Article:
Action plans which are developed at local authority level to promote and put sustainable development into practice

Locally sourced materials
Materials obtained from a defined radius around a project site, helping to support the local economy and reducing transportation costs and energy.

Low density
Feature, or structures, spaced out over a wide area.

Low density housing
Population accommodated in more spaciously set out housing, possibly with green space surrounding the buildings.

Low tech (Low technology)
Mechanisms not usually requiring electronic input or much capital.

Low-density polyethylene (LDPE)
See - Polyethylene

Low-E glazing
Glazing with a thin metallic coating applied to glass or plastic, reducing heat loss and solar heat gain through glazing. Glazing that has special coatings to permit most of the sun`s light radiation to enter the building, but prevents heat radiation from passing through.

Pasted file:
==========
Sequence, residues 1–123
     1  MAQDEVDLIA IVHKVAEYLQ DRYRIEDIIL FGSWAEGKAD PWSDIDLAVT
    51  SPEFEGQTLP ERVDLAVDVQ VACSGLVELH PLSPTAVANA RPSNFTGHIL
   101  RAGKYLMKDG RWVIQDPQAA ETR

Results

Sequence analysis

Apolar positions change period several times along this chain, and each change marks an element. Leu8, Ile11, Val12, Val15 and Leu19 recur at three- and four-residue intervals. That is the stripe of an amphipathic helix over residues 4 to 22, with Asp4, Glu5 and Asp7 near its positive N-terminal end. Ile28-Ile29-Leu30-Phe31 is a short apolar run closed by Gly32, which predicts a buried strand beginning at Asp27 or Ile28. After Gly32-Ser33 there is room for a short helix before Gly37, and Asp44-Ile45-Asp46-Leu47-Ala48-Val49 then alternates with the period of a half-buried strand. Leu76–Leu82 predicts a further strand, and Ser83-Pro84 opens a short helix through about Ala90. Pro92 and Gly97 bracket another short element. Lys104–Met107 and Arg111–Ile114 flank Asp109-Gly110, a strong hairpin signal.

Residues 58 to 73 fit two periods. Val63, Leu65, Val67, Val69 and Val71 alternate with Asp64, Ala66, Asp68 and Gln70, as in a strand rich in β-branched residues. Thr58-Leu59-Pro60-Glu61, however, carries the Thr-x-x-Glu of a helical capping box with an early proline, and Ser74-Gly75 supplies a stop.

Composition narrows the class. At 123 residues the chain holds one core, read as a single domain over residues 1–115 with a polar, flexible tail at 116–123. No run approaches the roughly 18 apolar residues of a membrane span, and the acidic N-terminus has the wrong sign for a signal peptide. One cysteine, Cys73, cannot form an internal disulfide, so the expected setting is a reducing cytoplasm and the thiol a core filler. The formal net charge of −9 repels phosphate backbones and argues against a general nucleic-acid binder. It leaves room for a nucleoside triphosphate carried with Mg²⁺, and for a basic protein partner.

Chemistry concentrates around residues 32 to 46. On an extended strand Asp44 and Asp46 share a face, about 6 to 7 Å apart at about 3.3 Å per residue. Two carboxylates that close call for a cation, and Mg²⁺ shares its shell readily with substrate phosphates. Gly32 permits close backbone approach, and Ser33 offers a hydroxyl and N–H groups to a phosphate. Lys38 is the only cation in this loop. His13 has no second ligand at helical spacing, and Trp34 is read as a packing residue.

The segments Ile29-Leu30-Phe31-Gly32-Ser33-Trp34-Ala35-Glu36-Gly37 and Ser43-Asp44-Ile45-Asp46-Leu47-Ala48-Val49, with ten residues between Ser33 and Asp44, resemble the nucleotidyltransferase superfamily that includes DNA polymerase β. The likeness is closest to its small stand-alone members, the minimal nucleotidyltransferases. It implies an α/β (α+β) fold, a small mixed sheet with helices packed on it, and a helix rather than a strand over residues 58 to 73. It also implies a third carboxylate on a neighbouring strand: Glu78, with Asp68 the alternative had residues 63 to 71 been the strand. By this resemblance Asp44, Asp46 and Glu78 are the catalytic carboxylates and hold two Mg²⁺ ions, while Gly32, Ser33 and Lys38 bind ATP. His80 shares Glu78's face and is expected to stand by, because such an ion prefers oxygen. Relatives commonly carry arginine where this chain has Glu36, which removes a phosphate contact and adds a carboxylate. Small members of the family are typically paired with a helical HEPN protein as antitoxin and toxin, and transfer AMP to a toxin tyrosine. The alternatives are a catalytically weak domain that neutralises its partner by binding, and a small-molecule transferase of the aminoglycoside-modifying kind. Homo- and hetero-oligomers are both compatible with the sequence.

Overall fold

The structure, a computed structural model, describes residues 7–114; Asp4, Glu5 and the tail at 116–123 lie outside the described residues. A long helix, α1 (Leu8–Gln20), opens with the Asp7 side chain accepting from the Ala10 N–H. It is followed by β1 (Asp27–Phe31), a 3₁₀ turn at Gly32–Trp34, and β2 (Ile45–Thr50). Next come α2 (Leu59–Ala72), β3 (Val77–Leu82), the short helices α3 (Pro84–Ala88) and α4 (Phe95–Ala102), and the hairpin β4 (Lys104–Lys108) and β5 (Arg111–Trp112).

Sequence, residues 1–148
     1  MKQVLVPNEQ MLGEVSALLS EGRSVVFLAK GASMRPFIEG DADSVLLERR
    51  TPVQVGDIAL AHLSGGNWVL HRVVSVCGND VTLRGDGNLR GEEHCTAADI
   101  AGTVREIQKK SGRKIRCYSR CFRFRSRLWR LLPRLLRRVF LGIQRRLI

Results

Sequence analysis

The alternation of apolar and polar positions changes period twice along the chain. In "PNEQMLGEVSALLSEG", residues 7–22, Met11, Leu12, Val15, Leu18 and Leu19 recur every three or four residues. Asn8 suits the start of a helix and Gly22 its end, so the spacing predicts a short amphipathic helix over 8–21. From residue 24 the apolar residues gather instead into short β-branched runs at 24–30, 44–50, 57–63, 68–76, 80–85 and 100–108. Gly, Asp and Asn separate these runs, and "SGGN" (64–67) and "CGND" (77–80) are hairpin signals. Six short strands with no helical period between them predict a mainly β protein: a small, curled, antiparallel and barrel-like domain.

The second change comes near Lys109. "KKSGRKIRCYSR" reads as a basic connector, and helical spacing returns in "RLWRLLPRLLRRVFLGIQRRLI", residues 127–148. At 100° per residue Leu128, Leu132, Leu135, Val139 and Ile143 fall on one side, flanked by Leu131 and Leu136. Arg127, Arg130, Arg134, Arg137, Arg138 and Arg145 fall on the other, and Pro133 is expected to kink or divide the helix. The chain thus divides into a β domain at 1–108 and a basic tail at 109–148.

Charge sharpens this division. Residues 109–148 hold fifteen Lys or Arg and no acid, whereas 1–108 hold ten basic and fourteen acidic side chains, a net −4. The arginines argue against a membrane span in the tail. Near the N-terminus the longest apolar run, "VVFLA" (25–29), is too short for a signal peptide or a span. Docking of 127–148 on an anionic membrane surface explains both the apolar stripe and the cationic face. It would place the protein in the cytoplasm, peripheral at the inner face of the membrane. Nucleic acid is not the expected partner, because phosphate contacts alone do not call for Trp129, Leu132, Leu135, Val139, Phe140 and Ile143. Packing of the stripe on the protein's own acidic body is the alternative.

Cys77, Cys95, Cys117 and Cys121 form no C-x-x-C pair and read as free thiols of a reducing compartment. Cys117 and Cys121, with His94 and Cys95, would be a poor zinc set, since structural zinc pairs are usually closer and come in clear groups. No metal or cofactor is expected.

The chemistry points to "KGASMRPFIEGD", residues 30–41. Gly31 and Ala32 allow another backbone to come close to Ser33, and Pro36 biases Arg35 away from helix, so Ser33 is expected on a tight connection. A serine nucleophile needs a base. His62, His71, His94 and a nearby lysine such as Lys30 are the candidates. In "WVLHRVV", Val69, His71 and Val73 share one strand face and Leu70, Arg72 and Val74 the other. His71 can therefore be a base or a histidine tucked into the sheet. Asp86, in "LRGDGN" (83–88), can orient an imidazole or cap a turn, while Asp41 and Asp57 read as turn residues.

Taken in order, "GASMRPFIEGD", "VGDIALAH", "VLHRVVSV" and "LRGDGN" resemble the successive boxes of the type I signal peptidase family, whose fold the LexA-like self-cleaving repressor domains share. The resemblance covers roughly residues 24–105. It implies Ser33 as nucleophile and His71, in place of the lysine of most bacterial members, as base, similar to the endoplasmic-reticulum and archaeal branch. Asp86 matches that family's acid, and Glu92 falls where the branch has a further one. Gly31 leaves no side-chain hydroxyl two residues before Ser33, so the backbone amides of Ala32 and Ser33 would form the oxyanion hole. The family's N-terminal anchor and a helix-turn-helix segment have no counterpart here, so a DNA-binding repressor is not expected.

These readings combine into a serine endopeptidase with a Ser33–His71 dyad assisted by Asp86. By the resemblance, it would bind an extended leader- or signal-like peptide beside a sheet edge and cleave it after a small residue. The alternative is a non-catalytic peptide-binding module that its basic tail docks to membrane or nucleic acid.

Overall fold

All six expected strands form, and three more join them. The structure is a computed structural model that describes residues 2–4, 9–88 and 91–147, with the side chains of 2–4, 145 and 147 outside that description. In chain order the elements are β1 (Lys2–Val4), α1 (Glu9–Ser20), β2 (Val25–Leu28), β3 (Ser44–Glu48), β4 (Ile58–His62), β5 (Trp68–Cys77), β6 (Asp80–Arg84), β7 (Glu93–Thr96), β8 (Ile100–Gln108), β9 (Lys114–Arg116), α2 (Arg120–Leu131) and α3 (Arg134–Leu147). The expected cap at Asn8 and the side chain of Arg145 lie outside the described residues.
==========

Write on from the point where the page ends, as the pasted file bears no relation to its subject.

Maximum sustainable yield
The maximum amount of a renewable resource that can be harvested over an indefinite period without causing its stock to be depleted.

Methane (CH4)
A colourless, odourless gas formed when organic matter anaerobically decomposes. Methane is about 20 times more potent than carbon dioxide as a greenhouse gas. Major sources include fermentation in ruminant animals, decay of organic material and landfill.

The small scale climate of a site, affected by site geography, site topography, vegetation, and proximity to bodies of water, etc., which may very slightly from the prevalent regional climatic conditions.

Small scale example of reality

The generation of zero or low-carbon heat and power by individuals, small businesses and communities to meet their own needs; technologies include small scale wind turbines, water turbines, ground source heat pumps, solar collectors, solar electricity and Micro Combined Heat and Power installations

Mixed use development
A development in one or several buildings that combines several revenue producing uses that are integrated into a comprehensive plan, such as a project with a elements of housing, retail, and office space.